This article was originally published on reverb, Drake Cooper’s reflections on advertising, creativity, and trends. Read more.

The Age of the Customer

Forrester Research recently issued a terrific report called the Age of the Customer. I love the way the last 100 years are broken down: from manufacturing to distribution to information to the customer.


And while I find minor comedy in the fact that the ‘ages’ basically decrease by 50% at each stage thereby inferring that this latest age could last a mere 7 years or so I don’t want to dwell there. Because even if that’s the case, the amount of stuff we’ll get done and advance to in that time will probably be fairly amazing.

Anyway.

In thinking about the “Age of the Customer” and brands, consider some research insights from Bain:

– In most categories, strong customer loyalty brands grow twice as fast as the market.

– A 5% increase in customer retention can generate a 75% increase in profitablility.

– It typically costs 6 times more effort to get a new customer than to keep an existing one.

The age of the customer plays out well. So it’s helpful that earlier this year IBM issued a report that talked about the rise of Social CRM and I think it’s a great way to look at the evolution of social today within organizations.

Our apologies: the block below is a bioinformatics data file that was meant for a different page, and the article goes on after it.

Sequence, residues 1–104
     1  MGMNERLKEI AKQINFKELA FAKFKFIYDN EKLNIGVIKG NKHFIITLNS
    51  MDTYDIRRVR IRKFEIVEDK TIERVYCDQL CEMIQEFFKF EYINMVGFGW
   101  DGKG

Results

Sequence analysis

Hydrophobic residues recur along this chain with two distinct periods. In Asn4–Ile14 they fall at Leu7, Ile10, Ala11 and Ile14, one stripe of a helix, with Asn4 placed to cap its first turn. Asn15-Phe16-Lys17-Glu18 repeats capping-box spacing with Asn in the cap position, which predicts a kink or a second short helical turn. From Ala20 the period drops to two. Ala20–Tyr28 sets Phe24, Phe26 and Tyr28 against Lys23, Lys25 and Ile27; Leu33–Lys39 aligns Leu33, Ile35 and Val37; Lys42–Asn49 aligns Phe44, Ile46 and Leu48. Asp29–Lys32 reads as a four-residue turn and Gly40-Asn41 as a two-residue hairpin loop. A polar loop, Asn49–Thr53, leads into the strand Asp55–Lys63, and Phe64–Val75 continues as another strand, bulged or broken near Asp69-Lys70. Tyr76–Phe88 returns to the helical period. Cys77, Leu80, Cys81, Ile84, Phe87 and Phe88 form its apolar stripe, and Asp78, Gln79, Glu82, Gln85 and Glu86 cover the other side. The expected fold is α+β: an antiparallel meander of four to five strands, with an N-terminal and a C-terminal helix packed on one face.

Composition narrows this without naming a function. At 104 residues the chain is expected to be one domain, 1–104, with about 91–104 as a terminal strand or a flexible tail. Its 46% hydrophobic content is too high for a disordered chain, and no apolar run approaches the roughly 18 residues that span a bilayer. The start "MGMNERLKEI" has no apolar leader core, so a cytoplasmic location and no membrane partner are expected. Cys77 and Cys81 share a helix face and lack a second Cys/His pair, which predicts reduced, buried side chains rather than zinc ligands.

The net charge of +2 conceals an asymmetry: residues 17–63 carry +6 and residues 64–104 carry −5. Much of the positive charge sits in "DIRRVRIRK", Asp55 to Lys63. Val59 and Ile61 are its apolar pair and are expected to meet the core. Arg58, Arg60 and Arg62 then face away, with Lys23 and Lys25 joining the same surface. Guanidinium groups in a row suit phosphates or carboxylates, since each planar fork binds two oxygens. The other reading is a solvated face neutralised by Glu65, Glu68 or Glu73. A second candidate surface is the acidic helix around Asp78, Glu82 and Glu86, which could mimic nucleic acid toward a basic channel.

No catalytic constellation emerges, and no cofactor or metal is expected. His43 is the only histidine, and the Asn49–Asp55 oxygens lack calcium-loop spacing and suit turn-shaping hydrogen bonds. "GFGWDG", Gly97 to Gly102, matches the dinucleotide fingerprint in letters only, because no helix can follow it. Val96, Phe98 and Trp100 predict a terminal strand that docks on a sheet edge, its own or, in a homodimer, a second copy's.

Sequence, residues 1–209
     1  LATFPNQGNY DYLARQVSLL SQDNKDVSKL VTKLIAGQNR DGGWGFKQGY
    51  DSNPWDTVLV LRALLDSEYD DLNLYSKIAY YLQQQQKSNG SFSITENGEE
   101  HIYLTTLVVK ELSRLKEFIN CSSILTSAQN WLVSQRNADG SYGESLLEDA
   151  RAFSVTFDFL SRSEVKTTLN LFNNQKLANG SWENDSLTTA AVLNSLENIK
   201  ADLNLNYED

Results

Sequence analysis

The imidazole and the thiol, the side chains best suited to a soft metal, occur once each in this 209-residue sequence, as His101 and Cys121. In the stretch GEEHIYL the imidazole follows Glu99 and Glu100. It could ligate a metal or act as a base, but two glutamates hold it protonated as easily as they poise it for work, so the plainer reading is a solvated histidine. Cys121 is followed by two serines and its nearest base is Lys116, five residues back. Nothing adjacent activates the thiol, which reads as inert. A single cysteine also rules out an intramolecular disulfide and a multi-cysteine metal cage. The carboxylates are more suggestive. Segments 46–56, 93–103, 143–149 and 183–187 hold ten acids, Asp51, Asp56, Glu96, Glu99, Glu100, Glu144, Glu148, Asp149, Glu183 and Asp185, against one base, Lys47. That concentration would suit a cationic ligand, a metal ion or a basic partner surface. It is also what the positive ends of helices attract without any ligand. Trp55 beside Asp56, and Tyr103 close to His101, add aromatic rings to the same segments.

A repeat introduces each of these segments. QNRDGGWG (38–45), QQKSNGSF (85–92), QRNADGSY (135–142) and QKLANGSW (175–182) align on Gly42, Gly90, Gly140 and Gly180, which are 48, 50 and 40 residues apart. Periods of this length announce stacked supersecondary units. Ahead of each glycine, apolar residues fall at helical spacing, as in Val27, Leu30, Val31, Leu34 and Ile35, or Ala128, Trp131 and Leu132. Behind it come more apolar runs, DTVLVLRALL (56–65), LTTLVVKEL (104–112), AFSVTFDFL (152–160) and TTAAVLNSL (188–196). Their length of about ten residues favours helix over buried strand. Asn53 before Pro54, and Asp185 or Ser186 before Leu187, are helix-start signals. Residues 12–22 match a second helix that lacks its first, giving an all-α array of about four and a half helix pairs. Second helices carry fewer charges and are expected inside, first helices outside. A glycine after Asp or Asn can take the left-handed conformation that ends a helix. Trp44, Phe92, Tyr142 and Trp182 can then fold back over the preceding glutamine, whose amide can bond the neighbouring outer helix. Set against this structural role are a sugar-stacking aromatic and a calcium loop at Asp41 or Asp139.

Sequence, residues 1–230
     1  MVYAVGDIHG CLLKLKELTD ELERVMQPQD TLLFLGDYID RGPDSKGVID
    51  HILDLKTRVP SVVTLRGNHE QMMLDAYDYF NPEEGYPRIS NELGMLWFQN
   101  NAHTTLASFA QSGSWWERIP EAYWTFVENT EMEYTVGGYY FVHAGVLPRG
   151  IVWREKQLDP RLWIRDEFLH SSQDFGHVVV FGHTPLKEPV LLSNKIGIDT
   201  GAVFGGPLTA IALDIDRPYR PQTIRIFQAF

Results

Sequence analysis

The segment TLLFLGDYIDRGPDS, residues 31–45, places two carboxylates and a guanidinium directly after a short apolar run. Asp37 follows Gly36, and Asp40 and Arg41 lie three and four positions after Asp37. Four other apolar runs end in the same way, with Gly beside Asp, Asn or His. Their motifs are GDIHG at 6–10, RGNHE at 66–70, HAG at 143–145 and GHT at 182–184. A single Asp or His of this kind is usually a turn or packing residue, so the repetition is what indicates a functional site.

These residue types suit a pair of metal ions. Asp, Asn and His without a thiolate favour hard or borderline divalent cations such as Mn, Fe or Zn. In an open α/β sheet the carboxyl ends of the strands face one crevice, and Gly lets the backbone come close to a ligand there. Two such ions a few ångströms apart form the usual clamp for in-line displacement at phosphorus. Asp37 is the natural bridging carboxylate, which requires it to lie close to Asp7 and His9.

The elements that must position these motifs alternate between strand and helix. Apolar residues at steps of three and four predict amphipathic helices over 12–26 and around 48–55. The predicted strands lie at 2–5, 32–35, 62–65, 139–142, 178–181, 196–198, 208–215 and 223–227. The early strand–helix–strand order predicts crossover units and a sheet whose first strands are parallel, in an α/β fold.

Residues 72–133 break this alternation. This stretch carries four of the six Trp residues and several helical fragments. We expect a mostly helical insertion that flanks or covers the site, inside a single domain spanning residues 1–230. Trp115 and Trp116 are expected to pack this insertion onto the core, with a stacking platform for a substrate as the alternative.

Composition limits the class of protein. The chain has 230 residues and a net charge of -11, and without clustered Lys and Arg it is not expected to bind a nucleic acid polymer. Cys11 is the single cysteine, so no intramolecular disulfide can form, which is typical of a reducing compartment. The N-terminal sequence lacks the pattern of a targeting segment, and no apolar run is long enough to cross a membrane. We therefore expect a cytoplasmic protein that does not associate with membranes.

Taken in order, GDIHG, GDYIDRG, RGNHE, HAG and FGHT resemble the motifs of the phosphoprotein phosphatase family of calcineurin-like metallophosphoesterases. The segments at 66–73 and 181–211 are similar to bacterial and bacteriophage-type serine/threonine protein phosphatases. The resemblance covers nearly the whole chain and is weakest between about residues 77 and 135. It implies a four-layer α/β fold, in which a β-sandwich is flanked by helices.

It’s also nice that the pressure is off of marketing to be the sole champion of the possibilities of social within organizations…

So we’re all marketers now. Or, at least that’s the theory put forth by McKinsey who recently stated that in the era of engagement, marketing is the company.

Theory is great. We’re certainly not shy on theory as an industry. What we’re shy on is how—the actual application. Which is why I really liked how McKinsey broke that down into three general tactics that I think most organizations could immediately put to use:

1. Design a great customer engagement strategy and experience based on how people interact with the organization throughout their decision journey.

2. Build an infrastructure that achieves this and consider spreading out marketing teams to other divisions of the company such as service, sales and eCommerce.

3. Assign someone to be in charge of all digital conflict resolution within and across all functions in an organization. PepsiCo did this with the title of Chief Digital Officer.

So we are in the age of the customer. This requires us all to think and act a la Social CRM. And we execute that through design, build and assign.

For as complicated as this is I thought these three documents are extremely guiding. Please click on the links and explore as you like.

And, of course

[ originally posted on Campaign Planning ]